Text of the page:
Frank E. Schoonover’s 1919 painting of Sgt. Alvin York is on display at the 82nd Airborne Division War Memorial Museum. image courtesy 82nd Abn. Div. War Memorial Musuem

When he was finally able to return to America, he was given a hero’s welcome, despite his dislike of fame. The most heart-warming thing was that he was finally able to marry his sweetheart, Gracie. Five thousand people from around the country turned up for the ceremony. To make sure no one was disappointed after their long journeys, the ceremony was performed on a mountainside that Alvin and Gracie used to walk on before he went to war.[10]

Alvin was also offered $250,000 to do promotion work but politely turned it down.[11] The only money he received was to buy a farm in his hometown of Pall Mall, anything else he was given went towards establishing schools in other poor communities in the locality.[12] His most enduring legacy was an agricultural institute that was set up in 1929 to teach others in rural communities trades for future employment, as well as paying for roads and buses to get students there.[13] As Alvin was the founder, the institute soon took on his name as well. Sadly with the Great Depression of the 1930s, the school’s funding was cut. To ensure its future, Alvin went on the lecture circuit to tell his story, with all profits going to fund the institute.[14] This was not the only time he used his story to raise money for the institute. In 1940, he was approached by Warner Brothers, who wished to turn his story into a film. Alvin agreed as long as he could be an advisor and the majority of any money he was given for it would go towards the institute.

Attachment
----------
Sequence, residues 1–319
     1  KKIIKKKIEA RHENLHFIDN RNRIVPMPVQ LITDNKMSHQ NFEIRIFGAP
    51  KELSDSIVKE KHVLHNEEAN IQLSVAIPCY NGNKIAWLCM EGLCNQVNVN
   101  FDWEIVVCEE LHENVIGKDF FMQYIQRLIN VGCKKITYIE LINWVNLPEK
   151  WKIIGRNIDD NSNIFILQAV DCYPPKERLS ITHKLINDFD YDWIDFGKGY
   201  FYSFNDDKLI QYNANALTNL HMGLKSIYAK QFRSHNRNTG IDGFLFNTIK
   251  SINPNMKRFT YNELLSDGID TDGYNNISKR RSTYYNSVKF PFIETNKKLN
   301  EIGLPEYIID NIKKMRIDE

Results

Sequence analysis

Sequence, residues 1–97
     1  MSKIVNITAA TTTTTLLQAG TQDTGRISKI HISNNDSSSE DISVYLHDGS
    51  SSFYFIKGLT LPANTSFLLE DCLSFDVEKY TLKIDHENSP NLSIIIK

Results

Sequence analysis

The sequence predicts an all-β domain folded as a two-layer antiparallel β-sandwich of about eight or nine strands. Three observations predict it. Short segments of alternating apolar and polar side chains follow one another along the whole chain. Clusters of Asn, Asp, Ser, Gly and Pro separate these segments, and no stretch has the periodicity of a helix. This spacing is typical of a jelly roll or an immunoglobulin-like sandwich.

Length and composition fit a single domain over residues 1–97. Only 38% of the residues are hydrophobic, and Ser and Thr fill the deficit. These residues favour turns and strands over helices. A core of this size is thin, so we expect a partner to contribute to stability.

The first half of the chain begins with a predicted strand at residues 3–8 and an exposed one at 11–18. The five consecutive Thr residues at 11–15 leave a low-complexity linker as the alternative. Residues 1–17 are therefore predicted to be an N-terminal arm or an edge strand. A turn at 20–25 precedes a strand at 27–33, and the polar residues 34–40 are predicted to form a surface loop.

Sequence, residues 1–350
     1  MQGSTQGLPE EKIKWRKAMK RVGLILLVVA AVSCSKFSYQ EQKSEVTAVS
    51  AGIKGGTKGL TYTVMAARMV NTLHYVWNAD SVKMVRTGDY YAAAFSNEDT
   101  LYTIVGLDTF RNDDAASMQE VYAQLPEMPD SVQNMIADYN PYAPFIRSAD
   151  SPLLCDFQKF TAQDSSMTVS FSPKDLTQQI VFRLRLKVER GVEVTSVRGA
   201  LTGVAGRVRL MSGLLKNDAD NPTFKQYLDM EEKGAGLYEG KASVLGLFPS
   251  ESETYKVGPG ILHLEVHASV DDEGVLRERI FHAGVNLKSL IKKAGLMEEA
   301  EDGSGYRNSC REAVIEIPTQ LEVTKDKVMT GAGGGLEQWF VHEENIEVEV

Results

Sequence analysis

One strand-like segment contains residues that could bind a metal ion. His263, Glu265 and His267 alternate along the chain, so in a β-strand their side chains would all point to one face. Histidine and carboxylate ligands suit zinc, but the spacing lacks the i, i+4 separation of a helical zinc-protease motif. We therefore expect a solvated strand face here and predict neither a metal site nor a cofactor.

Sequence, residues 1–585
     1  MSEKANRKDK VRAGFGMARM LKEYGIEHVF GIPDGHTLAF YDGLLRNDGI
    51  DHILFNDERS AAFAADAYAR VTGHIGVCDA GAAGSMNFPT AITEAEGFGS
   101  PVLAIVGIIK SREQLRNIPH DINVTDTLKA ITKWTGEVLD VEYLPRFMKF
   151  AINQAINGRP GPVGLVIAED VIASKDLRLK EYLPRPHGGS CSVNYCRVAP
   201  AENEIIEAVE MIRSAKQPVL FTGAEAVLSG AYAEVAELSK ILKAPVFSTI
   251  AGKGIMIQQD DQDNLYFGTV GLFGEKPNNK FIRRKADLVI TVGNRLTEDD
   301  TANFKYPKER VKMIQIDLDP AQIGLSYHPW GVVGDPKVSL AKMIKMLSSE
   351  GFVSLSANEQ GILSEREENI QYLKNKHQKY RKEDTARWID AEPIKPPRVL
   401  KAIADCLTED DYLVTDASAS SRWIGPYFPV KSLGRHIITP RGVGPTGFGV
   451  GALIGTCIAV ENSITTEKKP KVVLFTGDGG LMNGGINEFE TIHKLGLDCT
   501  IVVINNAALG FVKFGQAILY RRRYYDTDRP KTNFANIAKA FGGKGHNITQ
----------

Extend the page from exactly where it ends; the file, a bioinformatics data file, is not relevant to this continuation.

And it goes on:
Theatrical release poster for the 1941 film Sergeant York, Wikimedia Commons

Gary Cooper was cast as Alvin and the film soon became a huge success upon its release in September 1941. With discussions of whether America should join the Allies in fighting World War Two, the film played upon patriotic war themes. It became the highest grossing film of that year, which also coincided with Pearl Harbour, which happened whilst the film was showing in cinemas. The film was nominated for eleven Academy Awards, with Gary Cooper winning Best Actor for his performance in the film.[15] Alvin himself was paid $150,000 for the film and most of this went to his institute.[16]